Check the rear subframe bushes for excessive wear. This will have an adverse effect on handling and can be very dangerous. It’s a hugely time consuming job and beyond the reach of the amateur. Listen for a whining noise and clunking from the diff. The mounts could be perished, but more than likely it’ll be a worn diff. Replacements are easy enough to come by, but limited-slip diffs will demand a heavy premium. Check for any excess play or vagueness when changing gear. Avoid high mileage cars that jump out of gear or have worn synchromesh. Look for four matching tyres with plenty of tread. Be wary of cheap tyres which can be dangerous.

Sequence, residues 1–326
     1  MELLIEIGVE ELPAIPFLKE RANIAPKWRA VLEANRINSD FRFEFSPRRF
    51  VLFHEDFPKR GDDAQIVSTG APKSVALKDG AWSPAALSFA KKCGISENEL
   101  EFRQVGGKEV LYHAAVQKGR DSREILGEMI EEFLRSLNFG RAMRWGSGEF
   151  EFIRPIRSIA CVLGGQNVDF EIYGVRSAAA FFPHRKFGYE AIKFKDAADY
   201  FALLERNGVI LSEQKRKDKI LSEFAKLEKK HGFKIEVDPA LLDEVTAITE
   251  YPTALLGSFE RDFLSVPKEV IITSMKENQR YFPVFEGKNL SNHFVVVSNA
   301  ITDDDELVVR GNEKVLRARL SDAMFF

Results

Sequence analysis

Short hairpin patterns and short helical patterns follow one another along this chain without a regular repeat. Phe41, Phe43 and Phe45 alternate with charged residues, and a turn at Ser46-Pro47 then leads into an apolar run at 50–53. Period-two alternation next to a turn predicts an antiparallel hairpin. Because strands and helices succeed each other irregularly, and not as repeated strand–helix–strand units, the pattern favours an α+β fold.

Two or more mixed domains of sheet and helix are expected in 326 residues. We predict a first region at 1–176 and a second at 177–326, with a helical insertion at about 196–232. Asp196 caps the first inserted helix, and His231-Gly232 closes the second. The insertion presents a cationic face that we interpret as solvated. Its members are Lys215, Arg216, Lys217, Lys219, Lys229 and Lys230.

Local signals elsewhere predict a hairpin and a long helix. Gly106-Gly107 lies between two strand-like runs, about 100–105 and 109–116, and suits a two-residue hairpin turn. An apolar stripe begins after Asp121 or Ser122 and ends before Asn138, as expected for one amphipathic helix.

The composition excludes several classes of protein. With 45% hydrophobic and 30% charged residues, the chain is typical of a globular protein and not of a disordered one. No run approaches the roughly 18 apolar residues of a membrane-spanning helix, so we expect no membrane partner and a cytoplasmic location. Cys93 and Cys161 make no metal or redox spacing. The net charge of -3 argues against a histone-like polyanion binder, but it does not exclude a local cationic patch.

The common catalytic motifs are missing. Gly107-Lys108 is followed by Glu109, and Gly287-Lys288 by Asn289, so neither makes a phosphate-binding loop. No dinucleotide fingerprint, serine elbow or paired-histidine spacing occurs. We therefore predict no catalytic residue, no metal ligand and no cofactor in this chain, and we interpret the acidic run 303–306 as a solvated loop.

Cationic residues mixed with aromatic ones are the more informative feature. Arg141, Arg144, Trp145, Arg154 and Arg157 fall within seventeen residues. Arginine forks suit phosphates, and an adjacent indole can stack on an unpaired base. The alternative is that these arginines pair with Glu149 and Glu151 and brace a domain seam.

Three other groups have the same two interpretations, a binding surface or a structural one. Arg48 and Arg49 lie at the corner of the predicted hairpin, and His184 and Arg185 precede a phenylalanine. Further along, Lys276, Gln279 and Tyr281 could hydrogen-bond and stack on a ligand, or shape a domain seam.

Interiors are generally hard wearing, but will be past their best after 20+ years. Leather cracks over time and cloth seats will wear particularly badly on the driver’s bolster. Replacement seats are still relatively plentiful, but good quality items will command a premium, especially in leather. Switches give up the ghost with regularity, but are easily sourced and replaced. Odometers will die anytime beyond 100,000 miles as the worm gear deteriorates. Replacement gears are cheap, but fiddly to fit. Remove the card shelf from below the steering column. Any fluid dripping on this hints at a knackered clutch master cylinder. The slave should be replaced at the same time.